‘Would all these pollutants fail him? Would all his hymns turn ineffective?’ Bhikāri posed this question onto himself timidly.
The Brahma Deuncha grew impatient and closed in on his victim. Bhikāri closed his eyes and imagined that the spectral being was extending his leg towards him to trample him any moment. In no moment he started to chant his hymn.
om bhūr bhuvah svah
tát savitúr váreniyam
bhárgo devásya dhīmahi
dhíyo yó nah pracodáyāt
Howsoever sincerely he chanted the hymn, it had no impact on the Brahma Dheuncha. Now it began to hop more, whine more spookily than ever before, making frightening gesticulations while crouching on its haunches. Bhikāri started to recite another powerful hymn: this time it was Purusha Sukta. Still it failed to have any impact on the preternatural being.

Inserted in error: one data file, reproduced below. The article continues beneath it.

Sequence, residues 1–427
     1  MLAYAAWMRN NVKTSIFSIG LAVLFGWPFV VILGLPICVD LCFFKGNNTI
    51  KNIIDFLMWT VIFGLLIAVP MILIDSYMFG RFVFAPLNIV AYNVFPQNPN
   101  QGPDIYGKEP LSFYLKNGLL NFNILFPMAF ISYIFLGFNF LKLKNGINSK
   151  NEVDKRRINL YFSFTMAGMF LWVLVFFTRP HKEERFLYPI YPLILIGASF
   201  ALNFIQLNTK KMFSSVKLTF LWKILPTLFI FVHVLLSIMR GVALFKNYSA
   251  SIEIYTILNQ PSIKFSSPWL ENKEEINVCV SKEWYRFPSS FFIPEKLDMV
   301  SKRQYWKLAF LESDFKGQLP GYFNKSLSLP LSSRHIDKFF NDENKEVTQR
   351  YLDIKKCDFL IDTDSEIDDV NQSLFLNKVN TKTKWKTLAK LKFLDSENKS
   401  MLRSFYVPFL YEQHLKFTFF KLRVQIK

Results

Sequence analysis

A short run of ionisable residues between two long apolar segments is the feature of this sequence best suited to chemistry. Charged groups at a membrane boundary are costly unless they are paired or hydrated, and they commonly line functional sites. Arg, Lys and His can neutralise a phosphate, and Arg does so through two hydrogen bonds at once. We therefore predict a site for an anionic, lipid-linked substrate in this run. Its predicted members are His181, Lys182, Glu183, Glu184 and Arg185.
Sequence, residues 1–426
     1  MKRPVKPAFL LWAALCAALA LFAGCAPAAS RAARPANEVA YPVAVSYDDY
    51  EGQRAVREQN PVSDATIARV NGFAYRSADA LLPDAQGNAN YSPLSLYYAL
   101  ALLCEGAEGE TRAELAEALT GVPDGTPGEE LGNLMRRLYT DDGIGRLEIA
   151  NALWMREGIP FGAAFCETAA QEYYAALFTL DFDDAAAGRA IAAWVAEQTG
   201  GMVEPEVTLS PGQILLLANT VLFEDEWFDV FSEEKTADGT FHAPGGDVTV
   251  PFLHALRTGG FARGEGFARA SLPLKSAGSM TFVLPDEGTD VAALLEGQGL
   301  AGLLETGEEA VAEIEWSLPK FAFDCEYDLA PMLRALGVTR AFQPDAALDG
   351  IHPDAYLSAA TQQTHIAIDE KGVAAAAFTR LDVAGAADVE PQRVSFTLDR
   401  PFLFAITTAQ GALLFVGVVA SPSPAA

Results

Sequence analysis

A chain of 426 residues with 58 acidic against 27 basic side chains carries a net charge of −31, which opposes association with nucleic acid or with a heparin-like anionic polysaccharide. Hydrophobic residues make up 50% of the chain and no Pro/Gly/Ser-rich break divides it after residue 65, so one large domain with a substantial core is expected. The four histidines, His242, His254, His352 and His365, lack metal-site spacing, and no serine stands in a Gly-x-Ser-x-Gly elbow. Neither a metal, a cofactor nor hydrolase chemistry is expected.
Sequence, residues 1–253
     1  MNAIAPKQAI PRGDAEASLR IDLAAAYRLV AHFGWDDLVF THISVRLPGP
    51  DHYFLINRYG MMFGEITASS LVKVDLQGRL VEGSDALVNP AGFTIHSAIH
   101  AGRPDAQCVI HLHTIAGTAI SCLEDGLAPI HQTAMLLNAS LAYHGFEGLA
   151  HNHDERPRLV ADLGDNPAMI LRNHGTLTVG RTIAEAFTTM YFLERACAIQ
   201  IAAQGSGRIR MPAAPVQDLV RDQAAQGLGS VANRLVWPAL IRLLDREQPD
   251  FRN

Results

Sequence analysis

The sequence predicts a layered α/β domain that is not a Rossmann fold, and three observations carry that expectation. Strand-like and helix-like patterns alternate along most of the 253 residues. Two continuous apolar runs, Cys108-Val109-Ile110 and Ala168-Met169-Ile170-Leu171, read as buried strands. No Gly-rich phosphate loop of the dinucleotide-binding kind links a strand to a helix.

The frightened Brahmin began to lose his sense. His throat began to dry and his limbs began to lose rhythm. Death was inevitable and it was so near! He had nothing that he could have done now. His strength had deserted him and he was on the verge of worst befuddlement in his life. The only instinct he was left with was his instinct to survive, to do something with a force born out of desperation.
Bhikāri closed his eyes once again. The darkness further concentrated in front of him. Then he opened his eyes to do something he could decide on the spur. There was a long stick lying nearby. He caught hold of it and charged towards his preternatural adversary.